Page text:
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In my grammar book, the following is stated:

2.5 animals
1. Use ’s when referring to the parts of the body of a living animal.
2. Use ’s when referring to the products of living animals.
3. Do not use ’s for dead animal body parts or products.

But today I read an article, with the following sentence:

a protester eats a raw pig's head outside a vegan ...

So I am thinking how does it fit in the rules above? Clearly, he was eating a part of a dead animal, so why not "pig head" then?

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The grammar book is being too prescriptive.

It is the case that when talking about items used as food we tend not to use possessive, but we do normally change to the "food" word. For example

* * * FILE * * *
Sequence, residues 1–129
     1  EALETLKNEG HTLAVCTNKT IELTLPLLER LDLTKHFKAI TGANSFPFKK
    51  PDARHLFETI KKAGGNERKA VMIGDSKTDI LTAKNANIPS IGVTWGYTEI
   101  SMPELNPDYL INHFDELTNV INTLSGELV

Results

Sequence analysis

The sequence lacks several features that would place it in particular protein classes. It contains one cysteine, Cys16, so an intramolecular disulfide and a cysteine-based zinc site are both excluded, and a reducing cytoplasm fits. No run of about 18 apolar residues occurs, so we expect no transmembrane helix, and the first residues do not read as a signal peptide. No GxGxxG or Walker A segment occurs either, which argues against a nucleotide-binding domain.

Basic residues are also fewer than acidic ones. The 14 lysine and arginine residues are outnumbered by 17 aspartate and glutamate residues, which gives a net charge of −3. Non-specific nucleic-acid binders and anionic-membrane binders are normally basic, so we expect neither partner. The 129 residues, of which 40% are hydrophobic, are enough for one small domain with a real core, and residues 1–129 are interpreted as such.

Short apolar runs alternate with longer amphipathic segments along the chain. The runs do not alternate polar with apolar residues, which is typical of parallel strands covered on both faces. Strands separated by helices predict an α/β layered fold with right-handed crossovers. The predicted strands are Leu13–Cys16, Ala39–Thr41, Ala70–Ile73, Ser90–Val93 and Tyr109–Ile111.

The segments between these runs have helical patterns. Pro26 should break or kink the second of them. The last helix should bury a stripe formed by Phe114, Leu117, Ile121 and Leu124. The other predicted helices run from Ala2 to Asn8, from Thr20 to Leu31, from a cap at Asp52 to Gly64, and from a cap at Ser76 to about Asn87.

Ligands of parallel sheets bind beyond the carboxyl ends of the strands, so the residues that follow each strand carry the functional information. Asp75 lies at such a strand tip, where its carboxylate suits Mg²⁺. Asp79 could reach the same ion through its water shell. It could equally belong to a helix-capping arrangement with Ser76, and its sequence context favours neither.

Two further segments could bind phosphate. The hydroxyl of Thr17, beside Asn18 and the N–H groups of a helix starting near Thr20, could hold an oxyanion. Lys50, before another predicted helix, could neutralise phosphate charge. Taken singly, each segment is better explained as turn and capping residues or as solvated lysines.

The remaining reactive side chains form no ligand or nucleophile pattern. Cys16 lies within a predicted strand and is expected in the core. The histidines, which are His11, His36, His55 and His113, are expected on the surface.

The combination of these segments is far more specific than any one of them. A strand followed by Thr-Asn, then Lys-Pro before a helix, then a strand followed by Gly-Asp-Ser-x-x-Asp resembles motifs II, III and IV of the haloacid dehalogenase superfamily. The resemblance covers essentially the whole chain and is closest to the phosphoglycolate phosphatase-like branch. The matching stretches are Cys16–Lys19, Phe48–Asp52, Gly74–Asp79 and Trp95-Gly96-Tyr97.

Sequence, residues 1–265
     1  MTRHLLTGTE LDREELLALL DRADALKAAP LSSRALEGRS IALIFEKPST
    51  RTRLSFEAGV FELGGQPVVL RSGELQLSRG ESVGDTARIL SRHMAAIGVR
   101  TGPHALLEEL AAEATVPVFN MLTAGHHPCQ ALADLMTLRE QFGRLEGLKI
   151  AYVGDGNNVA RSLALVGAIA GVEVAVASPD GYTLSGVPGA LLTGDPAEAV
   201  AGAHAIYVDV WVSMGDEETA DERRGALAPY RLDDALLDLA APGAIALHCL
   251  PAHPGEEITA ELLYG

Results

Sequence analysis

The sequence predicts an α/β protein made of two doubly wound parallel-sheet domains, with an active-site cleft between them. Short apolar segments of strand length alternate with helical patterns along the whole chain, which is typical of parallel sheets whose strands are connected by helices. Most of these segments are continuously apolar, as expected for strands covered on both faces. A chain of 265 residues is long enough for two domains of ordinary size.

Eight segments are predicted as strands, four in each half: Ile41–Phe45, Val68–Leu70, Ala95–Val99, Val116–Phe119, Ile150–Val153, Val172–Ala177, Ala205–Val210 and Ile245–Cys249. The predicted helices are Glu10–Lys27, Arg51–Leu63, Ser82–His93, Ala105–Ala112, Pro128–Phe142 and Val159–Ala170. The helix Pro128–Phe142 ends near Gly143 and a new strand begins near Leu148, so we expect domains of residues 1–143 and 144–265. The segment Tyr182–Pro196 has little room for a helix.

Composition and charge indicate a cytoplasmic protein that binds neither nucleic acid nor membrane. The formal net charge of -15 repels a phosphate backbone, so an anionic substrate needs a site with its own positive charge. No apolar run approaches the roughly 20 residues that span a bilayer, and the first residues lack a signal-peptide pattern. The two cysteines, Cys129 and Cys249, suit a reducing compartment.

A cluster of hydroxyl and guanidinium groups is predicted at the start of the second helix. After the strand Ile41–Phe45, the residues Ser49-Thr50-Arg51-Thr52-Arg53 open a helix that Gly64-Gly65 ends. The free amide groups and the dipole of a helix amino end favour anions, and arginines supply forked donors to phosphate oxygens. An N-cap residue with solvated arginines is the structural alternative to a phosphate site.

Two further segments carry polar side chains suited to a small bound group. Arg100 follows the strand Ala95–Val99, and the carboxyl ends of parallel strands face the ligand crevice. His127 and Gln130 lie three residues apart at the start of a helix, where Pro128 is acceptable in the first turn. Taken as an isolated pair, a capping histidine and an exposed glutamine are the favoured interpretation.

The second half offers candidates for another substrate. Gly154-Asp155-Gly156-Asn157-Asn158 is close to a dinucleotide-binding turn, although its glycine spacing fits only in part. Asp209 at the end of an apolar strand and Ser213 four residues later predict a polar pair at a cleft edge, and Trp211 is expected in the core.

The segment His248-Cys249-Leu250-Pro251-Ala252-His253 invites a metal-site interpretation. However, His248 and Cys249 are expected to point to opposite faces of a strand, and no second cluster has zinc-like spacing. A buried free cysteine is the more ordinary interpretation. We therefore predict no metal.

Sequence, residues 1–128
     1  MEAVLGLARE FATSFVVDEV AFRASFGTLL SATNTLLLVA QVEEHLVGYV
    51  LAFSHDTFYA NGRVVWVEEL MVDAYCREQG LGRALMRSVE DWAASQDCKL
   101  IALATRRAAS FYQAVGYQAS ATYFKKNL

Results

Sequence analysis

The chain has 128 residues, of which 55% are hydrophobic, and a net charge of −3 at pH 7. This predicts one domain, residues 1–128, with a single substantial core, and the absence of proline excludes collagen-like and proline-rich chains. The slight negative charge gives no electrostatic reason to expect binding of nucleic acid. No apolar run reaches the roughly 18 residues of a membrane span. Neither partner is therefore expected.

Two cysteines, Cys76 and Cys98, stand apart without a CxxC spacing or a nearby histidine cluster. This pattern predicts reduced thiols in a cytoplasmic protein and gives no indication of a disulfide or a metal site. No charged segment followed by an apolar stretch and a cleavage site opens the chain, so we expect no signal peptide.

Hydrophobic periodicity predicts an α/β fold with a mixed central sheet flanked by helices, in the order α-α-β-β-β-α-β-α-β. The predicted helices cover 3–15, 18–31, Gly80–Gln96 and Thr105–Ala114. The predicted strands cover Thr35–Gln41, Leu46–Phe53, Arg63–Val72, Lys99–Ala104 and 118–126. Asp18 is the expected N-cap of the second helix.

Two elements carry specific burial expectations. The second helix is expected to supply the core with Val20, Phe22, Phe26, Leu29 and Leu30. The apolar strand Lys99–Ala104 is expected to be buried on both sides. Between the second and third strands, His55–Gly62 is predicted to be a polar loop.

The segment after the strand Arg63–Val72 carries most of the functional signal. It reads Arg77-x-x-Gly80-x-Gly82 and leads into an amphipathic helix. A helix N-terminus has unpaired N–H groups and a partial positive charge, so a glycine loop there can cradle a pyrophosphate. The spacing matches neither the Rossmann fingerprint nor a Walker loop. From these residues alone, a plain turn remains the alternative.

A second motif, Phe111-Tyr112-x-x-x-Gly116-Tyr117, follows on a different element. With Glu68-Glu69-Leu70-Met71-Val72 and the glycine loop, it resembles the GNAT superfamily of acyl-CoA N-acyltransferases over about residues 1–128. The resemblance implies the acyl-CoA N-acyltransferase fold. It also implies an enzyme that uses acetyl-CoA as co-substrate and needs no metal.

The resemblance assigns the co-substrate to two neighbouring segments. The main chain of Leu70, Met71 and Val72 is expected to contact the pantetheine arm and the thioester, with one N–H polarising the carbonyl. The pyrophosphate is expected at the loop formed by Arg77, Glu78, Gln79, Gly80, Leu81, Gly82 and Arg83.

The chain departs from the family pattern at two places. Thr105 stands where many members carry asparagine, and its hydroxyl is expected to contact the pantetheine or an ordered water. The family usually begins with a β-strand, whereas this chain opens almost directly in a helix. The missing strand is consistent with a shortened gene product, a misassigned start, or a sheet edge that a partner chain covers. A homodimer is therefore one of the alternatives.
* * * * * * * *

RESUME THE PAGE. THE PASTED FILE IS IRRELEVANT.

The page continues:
At the butcher you could buy chicken breasts, beef steak and pork mince.

You wouldn't say "chickens' breasts" and certainly never "beef's steak" or "pork's mince".

Perhaps because we don't normally think of "pig's head" as food, it is more natural to use a possessive. Similarly, while "chicken feet" is the more common expression, you will also find "chicken's feet" being used (example). It would also be natural to say "I found a fox's skull in my garden." (though "fox skull" would not sound strange).

So for meat used as food, we don't use possessive. For parts of an animal that are not food, or which are not used as food in English speaking cultures, the possessive is possible and may be quite natural.

  • Thank you. Regarding the fox's skull, would "a fox skull" be incorrect/odd sounding?For example: "There were a lot of fox skulls", should the possessive still be there? – John V Mar 28 at 6:09

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